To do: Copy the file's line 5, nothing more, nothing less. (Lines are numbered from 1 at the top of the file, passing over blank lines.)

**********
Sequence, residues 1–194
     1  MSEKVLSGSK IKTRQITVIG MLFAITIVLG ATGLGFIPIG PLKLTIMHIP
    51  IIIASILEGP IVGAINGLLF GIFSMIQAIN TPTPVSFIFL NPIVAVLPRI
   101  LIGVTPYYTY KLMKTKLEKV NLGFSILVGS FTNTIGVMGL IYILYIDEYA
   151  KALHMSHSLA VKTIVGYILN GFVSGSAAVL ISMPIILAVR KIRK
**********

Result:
   151  KALHMSHSLA VKTIVGYILN GFVSGSAAVL ISMPIILAVR KIRK